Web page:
He was born in Anenecuilco, Morelos in 1879 and after participating in an association that exposed the need to defend peasants from the voraciousness of landowners in 1906, he was punished with a year of military service.
In 1909 he was elected president of the Committee for the Defense of Land in Anenecuilco, inciting people to work the land peacefully, but arming them with guns so they could defend themselves from anyone who attempted to steal that right.
In 1910 he was attracted by the agricultural demands stated on the San Luis Plan, joining Madero’s cause, who became President in 1911, but soon after this triumph, landowners didn’t allow a just distribution of land. When faced with this treason, Zapata formulated his own agrarian reform, known as the Ayala Plan; his improvised army took Yautepec, Cuautla and Cuernavaca, refusing to put their weapons down before achieving the peasant’s rights to own land.
Upon the proclamation of the Ayala Plan, Zapata continued defending his cause against the governments of Madero, Victoriano Huerta and Venustiano Carranza, achieving land distribution, confiscation of sugar refineries, opening agricultural banks, establishing elementary schools, promoting traditional forms of organization and the elimination of large private estates.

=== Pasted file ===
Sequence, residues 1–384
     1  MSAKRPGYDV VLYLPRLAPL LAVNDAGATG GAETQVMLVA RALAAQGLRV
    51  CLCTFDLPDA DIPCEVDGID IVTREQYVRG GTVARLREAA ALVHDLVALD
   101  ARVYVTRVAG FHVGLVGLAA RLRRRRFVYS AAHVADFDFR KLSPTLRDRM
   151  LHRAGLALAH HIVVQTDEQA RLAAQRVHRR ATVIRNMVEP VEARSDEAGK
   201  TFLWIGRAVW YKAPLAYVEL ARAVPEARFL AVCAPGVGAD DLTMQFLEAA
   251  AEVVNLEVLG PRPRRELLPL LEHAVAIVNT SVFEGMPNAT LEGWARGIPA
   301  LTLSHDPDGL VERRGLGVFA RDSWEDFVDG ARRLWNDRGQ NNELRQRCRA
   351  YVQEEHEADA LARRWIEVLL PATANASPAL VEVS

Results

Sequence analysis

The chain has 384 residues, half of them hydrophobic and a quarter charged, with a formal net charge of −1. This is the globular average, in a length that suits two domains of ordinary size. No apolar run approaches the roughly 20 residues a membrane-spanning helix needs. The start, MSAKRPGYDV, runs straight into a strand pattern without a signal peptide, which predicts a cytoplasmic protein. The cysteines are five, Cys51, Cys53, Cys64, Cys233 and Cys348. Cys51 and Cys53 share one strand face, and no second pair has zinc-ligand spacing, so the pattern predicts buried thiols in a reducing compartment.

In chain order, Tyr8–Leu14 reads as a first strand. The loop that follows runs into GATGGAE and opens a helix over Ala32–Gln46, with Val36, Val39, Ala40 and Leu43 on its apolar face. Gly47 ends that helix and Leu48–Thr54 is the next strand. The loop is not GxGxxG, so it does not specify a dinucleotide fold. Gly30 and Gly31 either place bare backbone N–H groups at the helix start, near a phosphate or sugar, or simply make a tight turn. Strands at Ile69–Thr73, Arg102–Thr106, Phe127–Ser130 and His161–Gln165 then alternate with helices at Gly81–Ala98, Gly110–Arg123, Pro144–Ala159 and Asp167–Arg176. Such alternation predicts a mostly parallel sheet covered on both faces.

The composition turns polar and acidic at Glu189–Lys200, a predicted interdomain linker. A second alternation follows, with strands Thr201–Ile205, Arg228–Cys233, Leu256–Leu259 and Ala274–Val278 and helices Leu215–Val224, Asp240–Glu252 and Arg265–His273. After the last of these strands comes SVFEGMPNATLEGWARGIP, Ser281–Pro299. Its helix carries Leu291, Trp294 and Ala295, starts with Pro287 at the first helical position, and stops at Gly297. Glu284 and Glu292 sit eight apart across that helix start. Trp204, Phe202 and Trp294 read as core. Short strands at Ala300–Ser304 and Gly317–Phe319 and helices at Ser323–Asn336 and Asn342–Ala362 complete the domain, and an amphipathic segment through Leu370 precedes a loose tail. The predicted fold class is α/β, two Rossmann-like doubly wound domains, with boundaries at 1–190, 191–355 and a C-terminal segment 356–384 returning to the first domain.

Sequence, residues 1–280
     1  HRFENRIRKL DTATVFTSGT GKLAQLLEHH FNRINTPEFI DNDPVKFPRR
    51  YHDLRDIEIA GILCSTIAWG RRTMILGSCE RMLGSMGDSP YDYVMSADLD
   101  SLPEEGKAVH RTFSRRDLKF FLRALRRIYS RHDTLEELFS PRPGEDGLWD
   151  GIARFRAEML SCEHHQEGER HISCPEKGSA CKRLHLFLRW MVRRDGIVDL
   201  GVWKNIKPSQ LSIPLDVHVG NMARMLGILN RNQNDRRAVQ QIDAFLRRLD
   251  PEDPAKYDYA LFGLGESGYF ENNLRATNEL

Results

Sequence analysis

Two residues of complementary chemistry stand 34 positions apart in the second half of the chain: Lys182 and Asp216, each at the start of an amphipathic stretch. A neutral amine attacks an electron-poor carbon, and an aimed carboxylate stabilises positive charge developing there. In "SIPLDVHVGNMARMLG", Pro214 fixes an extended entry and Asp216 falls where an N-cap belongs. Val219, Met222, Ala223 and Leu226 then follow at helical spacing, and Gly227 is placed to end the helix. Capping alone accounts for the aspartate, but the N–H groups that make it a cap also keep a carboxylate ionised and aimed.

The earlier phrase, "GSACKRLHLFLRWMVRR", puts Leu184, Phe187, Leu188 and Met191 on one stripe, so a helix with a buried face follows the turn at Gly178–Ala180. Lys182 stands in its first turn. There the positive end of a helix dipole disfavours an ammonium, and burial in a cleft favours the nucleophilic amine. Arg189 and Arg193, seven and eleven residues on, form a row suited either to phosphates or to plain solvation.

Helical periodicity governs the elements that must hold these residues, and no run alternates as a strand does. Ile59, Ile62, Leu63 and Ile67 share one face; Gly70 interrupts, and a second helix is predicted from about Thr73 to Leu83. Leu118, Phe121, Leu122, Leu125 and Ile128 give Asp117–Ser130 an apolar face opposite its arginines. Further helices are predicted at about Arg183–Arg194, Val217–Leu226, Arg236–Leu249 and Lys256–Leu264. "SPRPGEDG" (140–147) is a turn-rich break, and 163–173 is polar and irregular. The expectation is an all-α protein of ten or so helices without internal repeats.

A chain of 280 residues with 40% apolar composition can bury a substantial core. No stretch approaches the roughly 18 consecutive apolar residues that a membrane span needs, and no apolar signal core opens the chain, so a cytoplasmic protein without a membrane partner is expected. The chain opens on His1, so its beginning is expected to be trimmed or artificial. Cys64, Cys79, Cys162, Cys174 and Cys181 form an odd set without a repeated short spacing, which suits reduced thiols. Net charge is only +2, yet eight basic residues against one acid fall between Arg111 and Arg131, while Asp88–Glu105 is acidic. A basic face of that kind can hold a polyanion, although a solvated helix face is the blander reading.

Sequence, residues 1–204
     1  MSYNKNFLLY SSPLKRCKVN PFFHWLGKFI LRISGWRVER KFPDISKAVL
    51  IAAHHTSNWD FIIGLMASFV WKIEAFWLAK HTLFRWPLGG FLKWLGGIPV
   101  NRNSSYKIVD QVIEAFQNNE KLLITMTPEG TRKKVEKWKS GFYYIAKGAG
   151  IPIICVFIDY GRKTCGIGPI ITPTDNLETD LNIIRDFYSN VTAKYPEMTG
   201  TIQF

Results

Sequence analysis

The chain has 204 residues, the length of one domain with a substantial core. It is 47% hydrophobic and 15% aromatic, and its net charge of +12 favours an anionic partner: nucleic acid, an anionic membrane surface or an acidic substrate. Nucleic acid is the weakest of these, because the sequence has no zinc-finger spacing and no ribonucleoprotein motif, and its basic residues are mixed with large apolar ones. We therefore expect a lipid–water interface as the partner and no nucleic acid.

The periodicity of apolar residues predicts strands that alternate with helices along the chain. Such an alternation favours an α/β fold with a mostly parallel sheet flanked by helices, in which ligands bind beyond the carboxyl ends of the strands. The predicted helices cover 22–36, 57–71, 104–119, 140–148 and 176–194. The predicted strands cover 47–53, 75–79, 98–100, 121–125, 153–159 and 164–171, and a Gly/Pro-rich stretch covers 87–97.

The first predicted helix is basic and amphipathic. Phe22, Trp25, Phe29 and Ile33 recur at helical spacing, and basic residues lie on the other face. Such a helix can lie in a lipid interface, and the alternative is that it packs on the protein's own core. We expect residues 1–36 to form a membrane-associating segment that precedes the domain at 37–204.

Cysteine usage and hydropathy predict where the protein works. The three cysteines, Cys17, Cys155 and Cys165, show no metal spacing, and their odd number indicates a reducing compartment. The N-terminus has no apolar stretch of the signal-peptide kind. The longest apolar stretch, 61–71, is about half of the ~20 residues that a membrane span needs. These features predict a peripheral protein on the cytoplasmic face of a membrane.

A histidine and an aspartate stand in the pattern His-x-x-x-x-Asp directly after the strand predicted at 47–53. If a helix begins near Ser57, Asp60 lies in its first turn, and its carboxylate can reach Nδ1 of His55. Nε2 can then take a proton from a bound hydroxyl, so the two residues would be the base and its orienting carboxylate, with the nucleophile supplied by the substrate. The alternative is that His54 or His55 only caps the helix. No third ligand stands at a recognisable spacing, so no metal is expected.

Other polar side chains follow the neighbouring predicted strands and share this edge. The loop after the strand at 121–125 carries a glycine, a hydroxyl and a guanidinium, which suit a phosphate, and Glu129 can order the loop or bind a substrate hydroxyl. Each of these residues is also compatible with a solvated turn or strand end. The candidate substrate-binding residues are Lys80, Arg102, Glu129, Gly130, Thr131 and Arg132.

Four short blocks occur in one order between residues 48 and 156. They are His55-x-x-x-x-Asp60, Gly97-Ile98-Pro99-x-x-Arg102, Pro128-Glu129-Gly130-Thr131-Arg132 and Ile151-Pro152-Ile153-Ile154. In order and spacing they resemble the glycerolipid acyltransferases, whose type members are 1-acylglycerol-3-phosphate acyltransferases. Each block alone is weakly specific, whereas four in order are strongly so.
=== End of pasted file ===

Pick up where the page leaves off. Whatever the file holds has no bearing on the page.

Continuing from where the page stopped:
Emiliano Zapata always kept away from political demagogy, he was only interested in fighting alongside peasants for an honorable way of life. In a letter he wrote to Pancho Villa, Zapata clearly stated his philosophy: “…ignorance and obscurantism has never produced anything other than herds of slaves for tyranny”.
During the governments of Dictator Victoriano Huerta (1913.1914) and President Venustiano Carranza (1914-1920), Zapata continued fighting throughout the south, triumphantly marching into Mexico City, alongside Pancho Villa, in 1914.
Emiliano Zapata was murdered in 1919 in an ambushed set by Venustiano Carranza, at Chinameca Estate. This defeated the Zapatista movement militarily, but his ideals were kept alive.
Article Produced by the Editorial Team of Explorando México.
Copyright Explorando México, All Rights Reserved.
Photo: La Torre de Babel